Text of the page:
OK, Entombed’s Wolverine Blues hit store shelves and my gut on October 4, 1993. That’s like almost 18 years ago. To date, no single band has been able to capture the immediacy of rock ‘n’ roll and the grit of death metal quite like heyday–for certain individuals; not me, the Crawl EP is the pinnacle–Entombed. Not even Entombed have topped Entombed, and trust me they’ve tried desperately. Short of Nicke Andersson and Uffe Cederlund rejoining the Stockholm bruisers, Entombed post-DCLXVI: To Ride Shoot Straight and Speak the Truth ain’t really Entombed. Sacrilege, hyperbole, or just a moronic assessment of a band’s music after key members bolted? Maybe. That’s just me.
But I’ll argue Granite Staters–that’s a silly reference to folk hailing from New Hampshire–Trap Them may have finally closed the gaping hole Entombed created and unfortunately fell into after they ruled the death ‘n’ roll roost for two unbelievable albums. Yeah, Trap Them sport Starbucks barista hairdos, but their punk/hardcore ethos infuses a brutal sense of urgency into what could be but isn’t a snore-inducing barrage of buzzing guitars, throat-eviscerating vocals, and foot-shuffling, d-beated drums. Trap Them kind of rule. They’re not terribly dynamic, but when music for sheetrocking, traffic wrangling, or ass-kicking is required, well, there’s no better alternative. Sure, Sarah McLachlan is a close second, but her new album, Laws of Illusion, is a bit too pastoral.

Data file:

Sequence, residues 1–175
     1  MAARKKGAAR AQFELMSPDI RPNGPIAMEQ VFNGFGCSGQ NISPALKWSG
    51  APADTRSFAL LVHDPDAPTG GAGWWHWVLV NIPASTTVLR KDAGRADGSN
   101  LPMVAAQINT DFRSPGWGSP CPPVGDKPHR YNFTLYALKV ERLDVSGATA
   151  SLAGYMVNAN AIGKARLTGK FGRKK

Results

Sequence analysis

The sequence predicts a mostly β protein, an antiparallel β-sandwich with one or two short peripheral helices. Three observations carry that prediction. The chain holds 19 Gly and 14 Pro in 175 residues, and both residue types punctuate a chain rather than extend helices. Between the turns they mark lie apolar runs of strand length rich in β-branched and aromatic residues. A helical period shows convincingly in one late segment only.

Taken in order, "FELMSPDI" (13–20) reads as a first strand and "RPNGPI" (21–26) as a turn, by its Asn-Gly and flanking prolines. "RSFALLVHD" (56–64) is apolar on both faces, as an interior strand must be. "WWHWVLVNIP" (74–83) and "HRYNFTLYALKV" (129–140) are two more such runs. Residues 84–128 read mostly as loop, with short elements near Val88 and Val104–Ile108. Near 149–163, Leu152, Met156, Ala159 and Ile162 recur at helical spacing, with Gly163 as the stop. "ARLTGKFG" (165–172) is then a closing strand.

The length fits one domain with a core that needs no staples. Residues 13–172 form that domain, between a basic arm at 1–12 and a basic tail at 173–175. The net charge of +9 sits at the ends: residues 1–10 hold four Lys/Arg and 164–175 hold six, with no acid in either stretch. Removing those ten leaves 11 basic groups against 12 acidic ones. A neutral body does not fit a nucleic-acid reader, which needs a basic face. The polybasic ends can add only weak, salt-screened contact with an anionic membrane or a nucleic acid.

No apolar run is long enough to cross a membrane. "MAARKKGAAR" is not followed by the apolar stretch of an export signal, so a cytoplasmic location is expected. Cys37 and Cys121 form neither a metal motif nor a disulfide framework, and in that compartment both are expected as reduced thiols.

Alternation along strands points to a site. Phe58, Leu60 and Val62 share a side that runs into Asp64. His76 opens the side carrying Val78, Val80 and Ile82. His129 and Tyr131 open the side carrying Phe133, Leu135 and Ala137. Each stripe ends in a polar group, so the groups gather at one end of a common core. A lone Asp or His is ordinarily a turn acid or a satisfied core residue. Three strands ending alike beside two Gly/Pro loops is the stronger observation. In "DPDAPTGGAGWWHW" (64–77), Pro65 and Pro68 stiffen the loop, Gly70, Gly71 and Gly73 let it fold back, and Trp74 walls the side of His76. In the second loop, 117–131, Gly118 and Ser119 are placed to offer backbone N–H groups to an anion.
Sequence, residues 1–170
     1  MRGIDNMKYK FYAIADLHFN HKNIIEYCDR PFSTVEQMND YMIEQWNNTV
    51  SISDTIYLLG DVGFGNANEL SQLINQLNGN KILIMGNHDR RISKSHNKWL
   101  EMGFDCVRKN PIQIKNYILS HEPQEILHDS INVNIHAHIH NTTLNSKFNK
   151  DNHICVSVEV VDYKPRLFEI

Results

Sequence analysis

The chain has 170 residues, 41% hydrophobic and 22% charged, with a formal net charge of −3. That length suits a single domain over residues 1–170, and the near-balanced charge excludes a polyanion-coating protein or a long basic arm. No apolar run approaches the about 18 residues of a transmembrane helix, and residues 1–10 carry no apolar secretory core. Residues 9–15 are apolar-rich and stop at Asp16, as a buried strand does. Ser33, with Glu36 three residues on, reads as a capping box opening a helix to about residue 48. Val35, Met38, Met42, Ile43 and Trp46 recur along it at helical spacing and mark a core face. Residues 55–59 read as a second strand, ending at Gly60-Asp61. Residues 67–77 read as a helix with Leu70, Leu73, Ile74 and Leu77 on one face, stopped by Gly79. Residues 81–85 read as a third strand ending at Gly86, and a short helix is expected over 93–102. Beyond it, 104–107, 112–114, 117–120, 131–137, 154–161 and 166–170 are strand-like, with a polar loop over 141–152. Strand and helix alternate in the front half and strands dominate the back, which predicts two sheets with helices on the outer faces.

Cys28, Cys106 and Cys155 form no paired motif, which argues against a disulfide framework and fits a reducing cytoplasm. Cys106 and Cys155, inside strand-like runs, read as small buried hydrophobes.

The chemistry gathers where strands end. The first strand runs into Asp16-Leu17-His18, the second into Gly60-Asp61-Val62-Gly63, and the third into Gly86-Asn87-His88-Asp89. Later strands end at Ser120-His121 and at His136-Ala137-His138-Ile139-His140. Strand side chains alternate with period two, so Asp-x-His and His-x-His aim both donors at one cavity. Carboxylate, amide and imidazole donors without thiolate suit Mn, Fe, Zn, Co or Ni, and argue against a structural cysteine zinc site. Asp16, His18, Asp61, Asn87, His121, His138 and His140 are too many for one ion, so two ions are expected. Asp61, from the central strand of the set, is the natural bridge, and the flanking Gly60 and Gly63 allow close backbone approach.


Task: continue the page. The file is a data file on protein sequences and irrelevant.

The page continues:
Since I don’t feel the urge to sheetrock anything at the moment, but I do want to kick ass at wrangling traffic (daily commutes on Philadelphia’s Interstate 76 will do that to you.), I’m going to premiere–yes, with permission–Trap Them’s new tune “Slumcult and Gather”. What’s a slumcult? Dunno, but here’s the jam, motherfuckers.
“Slumcult and Gather”
** Trap Them’s Darker Handcraft is out March 8, 2011 on vinyl and March 15, 2011 on CD/digital on Prosthetic Records. Order it here. If you dare.